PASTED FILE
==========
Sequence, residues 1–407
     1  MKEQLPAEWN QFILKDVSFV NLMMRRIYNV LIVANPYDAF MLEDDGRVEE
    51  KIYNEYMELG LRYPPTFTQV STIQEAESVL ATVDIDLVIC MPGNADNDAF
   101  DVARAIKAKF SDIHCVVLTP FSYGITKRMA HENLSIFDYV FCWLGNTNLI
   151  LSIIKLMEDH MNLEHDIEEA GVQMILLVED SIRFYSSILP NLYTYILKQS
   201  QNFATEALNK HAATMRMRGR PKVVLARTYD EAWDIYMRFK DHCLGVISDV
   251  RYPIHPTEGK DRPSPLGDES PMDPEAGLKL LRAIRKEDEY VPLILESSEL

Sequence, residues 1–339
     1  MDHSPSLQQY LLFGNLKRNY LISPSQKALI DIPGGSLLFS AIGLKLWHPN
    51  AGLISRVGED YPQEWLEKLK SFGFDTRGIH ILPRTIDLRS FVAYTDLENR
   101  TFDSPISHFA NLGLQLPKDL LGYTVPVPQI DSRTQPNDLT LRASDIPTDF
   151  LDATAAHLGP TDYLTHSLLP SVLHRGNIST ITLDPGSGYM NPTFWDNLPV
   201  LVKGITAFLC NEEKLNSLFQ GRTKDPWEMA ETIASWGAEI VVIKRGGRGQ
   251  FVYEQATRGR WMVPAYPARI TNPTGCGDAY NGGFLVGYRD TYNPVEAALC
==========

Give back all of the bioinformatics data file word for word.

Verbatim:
Sequence, residues 1–407
     1  MKEQLPAEWN QFILKDVSFV NLMMRRIYNV LIVANPYDAF MLEDDGRVEE
    51  KIYNEYMELG LRYPPTFTQV STIQEAESVL ATVDIDLVIC MPGNADNDAF
   101  DVARAIKAKF SDIHCVVLTP FSYGITKRMA HENLSIFDYV FCWLGNTNLI
   151  LSIIKLMEDH MNLEHDIEEA GVQMILLVED SIRFYSSILP NLYTYILKQS
   201  QNFATEALNK HAATMRMRGR PKVVLARTYD EAWDIYMRFK DHCLGVISDV
   251  RYPIHPTEGK DRPSPLGDES PMDPEAGLKL LRAIRKEDEY VPLILESSEL

Sequence, residues 1–339
     1  MDHSPSLQQY LLFGNLKRNY LISPSQKALI DIPGGSLLFS AIGLKLWHPN
    51  AGLISRVGED YPQEWLEKLK SFGFDTRGIH ILPRTIDLRS FVAYTDLENR
   101  TFDSPISHFA NLGLQLPKDL LGYTVPVPQI DSRTQPNDLT LRASDIPTDF
   151  LDATAAHLGP TDYLTHSLLP SVLHRGNIST ITLDPGSGYM NPTFWDNLPV
   201  LVKGITAFLC NEEKLNSLFQ GRTKDPWEMA ETIASWGAEI VVIKRGGRGQ
   251  FVYEQATRGR WMVPAYPARI TNPTGCGDAY NGGFLVGYRD TYNPVEAALC